Community centre

There are hundreds of community centres on Crown reserves. More than just a building on some land, community centres cater to wide range of visitors and activities, meeting the recreational, educational and social needs of local residents.

Key considerations

  • Managing staff and volunteers. Working in a community centre can be both challenging and rewarding.
  • Managing visitors. While encouraging public use of your community centre, you need to manage the rights and responsibilities of visitors and ensure the safety of staff, volunteers and other visitors.
  • Risk management. With diverse activities and a variety of regular and casual visitors, which may include vulnerable people, your risk management and health and safety policies and procedures need to be up to scratch.
  • Funding. Not only do you need funds to maintain the Crown reserve, but possibly also to run community centre programs.
  • Financial activities. Good bookkeeping helps you keep on top of your financial situation.
  • Managing assets and heritage. Keeping buildings and structures in good condition helps extend the life of the facility, while maintenance plans will help with scheduling repairs and managing cash flow.

Learnings from Byron Community Centre

The Byron Community Centre, on Jonson St in Byron Bay, is a community centre building on Crown land. There’s a 248-seat theatre, several large rooms available for venue hire, a kitchen and a cafe.

It hosts drama, music, dance, films and other performances; functions, conferences and workshops; activities such as yoga, tai chi and music classes; and various community services, such as breakfasts, showers, wet weather shelter for homeless people, and work skills programs.

Board member David Sweet shared his insights into managing a Crown land community centre.

Financial management

"One of the key considerations in operating the Byron Bay Community Centre is getting the balance between providing a high level of community services and maintaining fiscal responsibility and sustainability”, says David.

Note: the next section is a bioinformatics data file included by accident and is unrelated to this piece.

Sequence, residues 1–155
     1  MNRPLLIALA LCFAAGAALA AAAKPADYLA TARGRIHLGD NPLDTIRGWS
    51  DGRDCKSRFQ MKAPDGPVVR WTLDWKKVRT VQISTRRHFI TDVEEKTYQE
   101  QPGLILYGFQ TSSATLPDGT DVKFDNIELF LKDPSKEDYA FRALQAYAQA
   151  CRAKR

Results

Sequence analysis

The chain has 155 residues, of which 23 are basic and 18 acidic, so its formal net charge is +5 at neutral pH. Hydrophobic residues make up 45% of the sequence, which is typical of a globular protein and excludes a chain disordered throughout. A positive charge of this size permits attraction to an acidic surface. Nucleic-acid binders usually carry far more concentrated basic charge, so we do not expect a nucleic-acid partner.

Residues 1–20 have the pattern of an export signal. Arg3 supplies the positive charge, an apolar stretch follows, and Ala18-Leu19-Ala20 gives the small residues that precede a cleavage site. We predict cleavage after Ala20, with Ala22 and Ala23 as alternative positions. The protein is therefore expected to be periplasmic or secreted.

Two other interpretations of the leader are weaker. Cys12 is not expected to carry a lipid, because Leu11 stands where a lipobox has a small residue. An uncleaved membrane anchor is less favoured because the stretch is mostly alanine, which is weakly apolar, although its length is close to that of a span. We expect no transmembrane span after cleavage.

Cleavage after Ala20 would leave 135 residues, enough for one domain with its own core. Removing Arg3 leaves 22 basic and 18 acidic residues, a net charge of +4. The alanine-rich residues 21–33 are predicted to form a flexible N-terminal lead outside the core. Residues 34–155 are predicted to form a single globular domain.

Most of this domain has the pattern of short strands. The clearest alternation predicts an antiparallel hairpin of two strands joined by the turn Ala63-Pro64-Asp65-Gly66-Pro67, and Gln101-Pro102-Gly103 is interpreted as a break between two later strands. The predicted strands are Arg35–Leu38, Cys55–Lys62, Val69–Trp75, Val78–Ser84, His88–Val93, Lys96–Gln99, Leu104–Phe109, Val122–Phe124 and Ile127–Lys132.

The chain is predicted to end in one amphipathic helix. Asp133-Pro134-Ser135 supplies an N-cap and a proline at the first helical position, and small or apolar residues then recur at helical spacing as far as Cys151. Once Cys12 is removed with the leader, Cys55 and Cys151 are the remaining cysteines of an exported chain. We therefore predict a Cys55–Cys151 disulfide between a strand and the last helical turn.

“Many of the services that we provide, such as meals, support for the homeless and no-interest loans, are for those most disadvantaged in the community. We have to offset that with the significant costs that we incur in running those programs, as well as all the other operational activities of the centre.

“And while we are very fortunate to have world-class acts performing in our state-of-the-art theatre, it is pretty expensive to operate and manage.

“We are consistently challenged by the need to upgrade expensive sound, lighting and projector equipment. These upgrades, and general maintenance of the building, do take a great deal of planning.”

Managing volunteers

“We are very reliant on volunteers”, says David. “We have been very lucky to have a number of excellent long-term committed volunteers that provide a great deal of stability to the centre.

“Managing the volunteers can be tricky. However, we have a dedicated staff member who is amazing at maintaining those relationships and is able to tailor roles to both attract and retain volunteers. An understanding of what is motivating people to volunteer is critical to our ability to attract and retain our volunteers.”

Reporting systems

“We work hard at our finances and reporting systems", says David. "The committee of management meets every month to review the financials of the centre. We have been fortunate to have successive treasurers that continually work to improve our financial reporting systems. The continual work on our reporting systems have almost become a culture at the committee of management level.”

Local partnerships

“Unlike many other community centres, we are not wholly reliant on outside funding”, David explains. “However, we do apply for funding grants, and we have also been successful with partnering with local business.

“For instance, we run the very successful Soul Street and First Sun free community events every New Year's Eve in Byron Bay. The aim of those activities is to make the streets of Byron family-friendly during that busy period of the year. For those events, such as the Falls Festival), we have partnered with the local council and local businesses.”

David's top tips for managing a community centre

  • If you’re highly dependent on volunteers, a dedicated staff member to attract and manage volunteers is a great asset.
  • Having a great treasurer and keeping close tabs on finances means no nasty surprises.
  • Take a moment to find out more about the people you're helping – it reminds you why you're doing it.
  • Foster strong relationships with the local council, businesses and other members of the community.
  • Relax and enjoy the events the centre runs.

The bookings board is full!

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